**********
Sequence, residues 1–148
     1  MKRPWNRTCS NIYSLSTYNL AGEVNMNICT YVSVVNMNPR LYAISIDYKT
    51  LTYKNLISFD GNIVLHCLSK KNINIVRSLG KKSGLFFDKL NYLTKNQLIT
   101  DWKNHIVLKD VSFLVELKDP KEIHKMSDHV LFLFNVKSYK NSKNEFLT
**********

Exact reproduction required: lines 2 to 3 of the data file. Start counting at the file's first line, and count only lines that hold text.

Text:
     1  MKRPWNRTCS NIYSLSTYNL AGEVNMNICT YVSVVNMNPR LYAISIDYKT
    51  LTYKNLISFD GNIVLHCLSK KNINIVRSLG KKSGLFFDKL NYLTKNQLIT